City Commissioner Nick Fish has a lot of questions about the Portland street fee.
He tried to raise those questions at last night's public hearing, but was rebuffed by Mayor Charlie Hales and Commissioner Steve Novick. Today, he sent them by email to all City Council offices.
The fee, which would eventually charge most households $144 a year, is being pushed to rapid approval by Hales and Novick, who want to make sure a potential voter referral is on the November ballot—when a more liberal electorate turns out.
Those two officials grew openly irritated Thursday night when Fish—who has said for weeks he would vote against any proposal that wasn't sent to the ballot—tried to slow the fee's approval.
"I have five pages of unanswered questions," said Fish. He wondered when the council would talk about them, since the last chance to offer amendments to the residential fee was yesterday.
"We've been talking about this for 14 years," replied Hales.
Novick added that Fish could have attended the Transportation Bureau's eight town halls discussing the fee. "This might be the first hearing in this room, but it's not the first hearing," Novick said. (WW examined the case being made for the fee at those hearings in a May 7 story.)
Fish argued that, after nearly six hours of public testimony, it was insulting to not consider changes to address people's objections.
"I want to honor the fact," Fish said, "that for 5 1/2 hours we've listened to people offer concerns on this."
He didn't get his wish—the council moved the proposal to a second reading without hearing his questions.
Today, Fish sent an email to his four colleagues in City Hall. It's not five pages—it's not even close—but he offers 11 unresolved questions he says were raised by public testimony.
Here they are.
From: Commissioner Fish
Sent: Friday, May 30, 2014 12:43 PM
To: Hales, Charlie; Novick, Steve; Fritz, Amanda; Saltzman, Dan
Cc: Kuhn, Hannah; Blackwood, Jim; Shibley, Gail; Warner, Chris; Bizeau, Tom; Finn, Brendan
Subject: Street Fee: Follow-Up
Based on the testimony and emails I have reviewed, I have a number of questions and concerns about the proposed street fee. They are, in no particular order, as follows:
1. The impact of the proposed fee on low-income renters, particularly those with federal vouchers.
2. The adequacy of discounts generally, and the availability of waivers, for low-income individuals and families.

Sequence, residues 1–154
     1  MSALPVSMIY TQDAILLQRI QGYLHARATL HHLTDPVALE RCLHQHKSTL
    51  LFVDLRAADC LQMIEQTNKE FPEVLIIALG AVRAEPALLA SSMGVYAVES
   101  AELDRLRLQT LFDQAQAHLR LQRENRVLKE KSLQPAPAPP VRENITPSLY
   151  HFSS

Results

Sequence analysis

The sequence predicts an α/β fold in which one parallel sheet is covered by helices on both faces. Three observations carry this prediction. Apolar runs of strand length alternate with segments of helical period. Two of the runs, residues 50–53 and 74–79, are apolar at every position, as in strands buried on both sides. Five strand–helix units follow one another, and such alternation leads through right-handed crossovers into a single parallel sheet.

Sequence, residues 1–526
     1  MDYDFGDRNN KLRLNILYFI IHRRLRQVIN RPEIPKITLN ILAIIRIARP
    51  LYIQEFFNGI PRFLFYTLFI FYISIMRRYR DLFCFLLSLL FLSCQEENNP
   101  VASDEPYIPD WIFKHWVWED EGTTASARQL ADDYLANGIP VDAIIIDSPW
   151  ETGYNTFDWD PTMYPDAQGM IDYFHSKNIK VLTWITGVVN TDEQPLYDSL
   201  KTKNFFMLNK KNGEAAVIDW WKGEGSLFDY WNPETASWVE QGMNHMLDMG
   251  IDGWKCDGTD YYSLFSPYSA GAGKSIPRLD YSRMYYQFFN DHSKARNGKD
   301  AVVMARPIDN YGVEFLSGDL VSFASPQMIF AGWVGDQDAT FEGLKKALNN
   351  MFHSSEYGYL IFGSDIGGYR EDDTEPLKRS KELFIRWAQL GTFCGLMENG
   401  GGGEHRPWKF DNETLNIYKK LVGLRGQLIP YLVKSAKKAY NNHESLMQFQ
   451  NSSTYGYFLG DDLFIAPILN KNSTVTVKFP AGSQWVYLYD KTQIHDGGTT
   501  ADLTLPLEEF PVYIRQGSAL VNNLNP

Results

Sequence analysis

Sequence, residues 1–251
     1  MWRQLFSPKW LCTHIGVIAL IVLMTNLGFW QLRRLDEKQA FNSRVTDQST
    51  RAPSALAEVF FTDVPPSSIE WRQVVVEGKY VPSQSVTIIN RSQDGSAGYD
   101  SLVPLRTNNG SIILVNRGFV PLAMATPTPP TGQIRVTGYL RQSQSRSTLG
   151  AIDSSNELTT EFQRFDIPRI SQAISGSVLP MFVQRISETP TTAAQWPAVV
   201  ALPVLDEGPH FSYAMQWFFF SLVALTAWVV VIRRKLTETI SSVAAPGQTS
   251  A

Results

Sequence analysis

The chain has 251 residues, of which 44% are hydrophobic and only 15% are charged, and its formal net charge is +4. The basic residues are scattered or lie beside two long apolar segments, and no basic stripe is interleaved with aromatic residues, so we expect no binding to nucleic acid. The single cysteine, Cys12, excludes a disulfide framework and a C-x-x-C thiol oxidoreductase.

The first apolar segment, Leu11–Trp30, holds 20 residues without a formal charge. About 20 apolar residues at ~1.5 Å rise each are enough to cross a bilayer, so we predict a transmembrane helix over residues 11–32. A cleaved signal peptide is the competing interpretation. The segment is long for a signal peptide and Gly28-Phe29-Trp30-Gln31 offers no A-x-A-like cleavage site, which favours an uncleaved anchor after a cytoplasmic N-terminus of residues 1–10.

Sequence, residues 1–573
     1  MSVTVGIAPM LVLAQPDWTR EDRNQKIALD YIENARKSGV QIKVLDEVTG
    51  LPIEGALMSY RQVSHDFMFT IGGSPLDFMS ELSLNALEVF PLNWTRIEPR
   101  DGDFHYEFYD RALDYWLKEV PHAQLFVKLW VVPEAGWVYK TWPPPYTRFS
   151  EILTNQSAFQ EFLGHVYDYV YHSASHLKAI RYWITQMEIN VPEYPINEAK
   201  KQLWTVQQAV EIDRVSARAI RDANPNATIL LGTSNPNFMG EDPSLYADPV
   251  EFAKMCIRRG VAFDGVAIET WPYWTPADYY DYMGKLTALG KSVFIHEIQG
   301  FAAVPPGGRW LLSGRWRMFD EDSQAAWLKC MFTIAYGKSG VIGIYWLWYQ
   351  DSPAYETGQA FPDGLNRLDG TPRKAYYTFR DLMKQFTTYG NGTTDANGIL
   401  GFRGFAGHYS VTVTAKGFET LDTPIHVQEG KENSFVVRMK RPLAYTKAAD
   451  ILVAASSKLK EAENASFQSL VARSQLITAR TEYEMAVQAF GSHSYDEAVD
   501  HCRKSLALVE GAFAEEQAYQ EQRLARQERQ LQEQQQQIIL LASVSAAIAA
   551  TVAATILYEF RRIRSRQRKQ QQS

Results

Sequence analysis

3. The decision to bifurcate the ordinances on a residential and non-residential fee.
4. The text and purpose of the Mayor’s proposed ballot referral.
5. An analysis of whether it should include a sunset clause or any other triggers.
6. The proposed composition of the oversight committee and the selection process.
7. The financial impact of the fee on the faith community and nonprofits.
8. The cost to City bureaus.
9. Whether and how parking lots should be included.
10. The value of either an administrative cap or annual audits (modeled after the Children’s Levy).
11. Impacts on small business.
I would be pleased to get written comments—or to schedule a follow-up meeting with the PBOT team—whichever makes the most sense.
Thanks in advance.
Commissioner - Last week I learned that fewer than 10,000 Portlanders receive a low-income discount on their water and sewer bills. My understanding is that there is no mechanism for that discount to be applied to multifamily structures, where I presume most section 8 voucher holders reside. If all low income Portlanders received a 30% discount on their sewer bills. It would more than make up for the cost of paying the much smaller transportation fee. I suggest that we assemble a task force to address the question of how to limit the burden of both water and sewer bills and the transportation fee on low income Portlanders. I also suggest that if we are to have a sunset clause for this fee, we should impose the same sunset on water and sewer fees. And if we are to have an administrative cap, the same cap should apply to BES and Water. Thank you.Novick tells WW he and Fish then had "a constructive conversation" about how to lower utility bills and the street fee for Portland's poorest citizens.